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How Borders Can Cross the Line on Caring for the Environment

On a map, borders seem natural and intuitive. They represent a simple way to organize people and allow for efficient governing. But, between the Syrian refugee crisis and the potential “wall” between the U.S. and Mexico, it is clear that borders also separate groups and create many conflicts in themselves.

One of the most overlooked consequences of borders is their effect on the environment.

Cows graze near Tumbling, a Nepali village adjacent to India. (Photo by Saad Amer)
Cows graze near Tumbling, a Nepali village adjacent to India. (Photo by Saad Amer)

Cases of adverse environmental border impacts can be found all over the world. In the Himalaya, which sprawl between several Asian counties, degradation runs high along the India-Nepal border.

India’s Singalila National park lies to the right, and Nepal to the left. (Photo by Saad Amer)
India’s Singalila National park lies to the right, and Nepal to the left. (Photo by Saad Amer)

On the Indian side lies the Singalila National Park, a 30.35 square mile preserve that is home to threatened species such as the red panda. On the Nepali side, however, no such preserve exists. Instead, a series of villages, shrines, and farms are found.

These Nepali settlements are directly adjacent to India’s National Park and often cause deforestation, soil erosion, and pollution. These degredations often spill over and negatively impact India’s Singalila National Park.

A rise on the path affords a view of a small village on the India-Nepal border. (Photo by Saad Amer)
A rise on the path affords a view of a small village on the India-Nepal border. (Photo by Saad Amer)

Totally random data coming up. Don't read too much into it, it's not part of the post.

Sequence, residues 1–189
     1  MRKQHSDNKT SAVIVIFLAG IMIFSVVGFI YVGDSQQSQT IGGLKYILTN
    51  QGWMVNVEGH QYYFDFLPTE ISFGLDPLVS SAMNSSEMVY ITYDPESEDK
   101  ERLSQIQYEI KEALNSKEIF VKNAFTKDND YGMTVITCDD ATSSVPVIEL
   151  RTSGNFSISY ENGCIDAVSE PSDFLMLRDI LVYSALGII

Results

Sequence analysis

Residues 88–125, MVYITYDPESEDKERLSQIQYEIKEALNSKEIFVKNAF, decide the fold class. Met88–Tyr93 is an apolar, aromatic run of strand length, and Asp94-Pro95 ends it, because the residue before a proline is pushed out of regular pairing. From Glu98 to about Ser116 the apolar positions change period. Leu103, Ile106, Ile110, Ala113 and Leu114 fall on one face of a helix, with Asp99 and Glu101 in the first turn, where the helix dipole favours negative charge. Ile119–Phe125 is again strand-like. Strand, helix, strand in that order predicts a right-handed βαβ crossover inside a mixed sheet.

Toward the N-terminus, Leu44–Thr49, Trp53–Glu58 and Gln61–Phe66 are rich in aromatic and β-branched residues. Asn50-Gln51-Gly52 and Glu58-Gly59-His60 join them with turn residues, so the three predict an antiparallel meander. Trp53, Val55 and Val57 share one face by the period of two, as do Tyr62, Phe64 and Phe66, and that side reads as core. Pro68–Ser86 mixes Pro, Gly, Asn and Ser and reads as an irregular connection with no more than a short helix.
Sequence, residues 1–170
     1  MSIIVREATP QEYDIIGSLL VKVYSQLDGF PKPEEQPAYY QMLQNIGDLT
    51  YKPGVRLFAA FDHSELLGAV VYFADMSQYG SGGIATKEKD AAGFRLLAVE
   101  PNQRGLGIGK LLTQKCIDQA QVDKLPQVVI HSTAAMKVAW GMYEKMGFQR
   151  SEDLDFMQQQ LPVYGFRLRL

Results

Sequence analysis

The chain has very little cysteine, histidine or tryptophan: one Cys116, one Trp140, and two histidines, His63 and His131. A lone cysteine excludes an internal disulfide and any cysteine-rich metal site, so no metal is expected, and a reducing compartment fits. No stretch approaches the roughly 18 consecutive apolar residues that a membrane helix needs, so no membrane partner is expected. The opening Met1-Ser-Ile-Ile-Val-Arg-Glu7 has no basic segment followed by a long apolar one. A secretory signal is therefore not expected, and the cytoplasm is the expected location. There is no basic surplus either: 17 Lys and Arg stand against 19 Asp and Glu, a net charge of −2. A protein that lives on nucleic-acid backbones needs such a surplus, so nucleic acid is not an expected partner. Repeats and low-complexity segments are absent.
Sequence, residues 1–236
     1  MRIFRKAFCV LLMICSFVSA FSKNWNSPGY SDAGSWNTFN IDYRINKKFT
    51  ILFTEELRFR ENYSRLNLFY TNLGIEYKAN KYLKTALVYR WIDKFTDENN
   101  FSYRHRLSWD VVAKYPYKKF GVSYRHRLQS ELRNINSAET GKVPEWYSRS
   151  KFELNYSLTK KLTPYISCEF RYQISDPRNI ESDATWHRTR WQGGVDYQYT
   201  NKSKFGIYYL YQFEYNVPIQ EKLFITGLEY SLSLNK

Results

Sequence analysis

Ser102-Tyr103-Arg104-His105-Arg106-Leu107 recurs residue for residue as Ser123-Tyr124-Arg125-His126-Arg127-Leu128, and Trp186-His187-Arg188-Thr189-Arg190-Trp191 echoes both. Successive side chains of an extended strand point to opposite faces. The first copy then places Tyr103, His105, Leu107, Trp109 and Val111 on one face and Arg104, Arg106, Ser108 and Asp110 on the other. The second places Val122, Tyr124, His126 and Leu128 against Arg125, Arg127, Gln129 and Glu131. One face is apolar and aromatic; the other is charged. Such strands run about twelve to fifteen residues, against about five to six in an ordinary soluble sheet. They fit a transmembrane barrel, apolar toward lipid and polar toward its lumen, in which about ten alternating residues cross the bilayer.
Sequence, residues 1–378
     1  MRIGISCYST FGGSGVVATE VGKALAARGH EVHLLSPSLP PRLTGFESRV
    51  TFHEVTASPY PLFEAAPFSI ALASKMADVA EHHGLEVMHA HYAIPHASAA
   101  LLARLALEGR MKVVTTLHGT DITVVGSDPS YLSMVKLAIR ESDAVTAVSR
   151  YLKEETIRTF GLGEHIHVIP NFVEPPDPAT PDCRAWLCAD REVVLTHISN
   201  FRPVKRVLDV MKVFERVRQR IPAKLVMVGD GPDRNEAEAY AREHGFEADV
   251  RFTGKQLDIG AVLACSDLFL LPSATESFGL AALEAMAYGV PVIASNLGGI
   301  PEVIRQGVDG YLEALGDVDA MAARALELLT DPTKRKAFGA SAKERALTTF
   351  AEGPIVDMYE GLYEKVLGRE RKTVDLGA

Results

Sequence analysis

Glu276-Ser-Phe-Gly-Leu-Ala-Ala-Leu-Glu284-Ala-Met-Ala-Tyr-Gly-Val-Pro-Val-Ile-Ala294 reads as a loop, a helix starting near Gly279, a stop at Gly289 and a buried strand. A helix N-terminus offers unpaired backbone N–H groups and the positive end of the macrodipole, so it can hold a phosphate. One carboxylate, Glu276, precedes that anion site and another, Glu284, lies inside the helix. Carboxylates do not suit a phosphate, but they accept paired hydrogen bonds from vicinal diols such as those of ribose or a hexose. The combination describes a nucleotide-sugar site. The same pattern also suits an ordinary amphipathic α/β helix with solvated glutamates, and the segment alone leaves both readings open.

Politics and Power

While people can move freely between India and Nepal across this section of the border, relations between India and Nepal can be tense and have many effects along the Himalayan border.

Nearly half of Nepal’s energy is imported from India. So when the political atmosphere thickens, petroleum and kerosene imports are blocked and Nepal loses access to energy. In these times, they turn to cutting down forest trees for firewood.

The consequences of potential fuel sanctions run so high that Nepal has already assessed its forest stocks and has calculated how long it can supply wood to keep its capital of Katmandu going. Given that it can only power Katmandu for six weeks on forest stocks and that Nepal is entirely landlocked, Nepal’s energy situation, and by extension, forest health, is dependent on bordering India. This tends to put Nepal at a disadvantage when trying to negotiate trade deals and environmental legislation and has impacted the ecosystems of Nepal and bordering India alike.

A pile of trash lies outside a village that hosts many tourists traveling along the India-Nepal border. (Photo by Saad Amer)
A pile of trash lies outside a village that hosts many tourists traveling along the India-Nepal border. (Photo by Saad Amer)

There is no doubt that the Himalaya are among the most incredible mountains in the world. Even the pile of garbage on the India-Nepal border photographed above looks almost holy in their context. Given that these mountains are at a high altitude and have a unique climate, their beauty is matched with great biodiversity. Even so, these ecosystems are often neglected in diplomatic talks.

Despite the geopolitics inherent in borders, steps should be taken to ensure adequate preservation of these ever threatened sights. As talks on borders continue and as human settlements grow, politicians should do their best to avoid harming these incredible natural sites.

More by Saad Amer

Comments

  1. Stephanie
    Los Angeles
    October 28, 1:57 pm

    beautiful photos!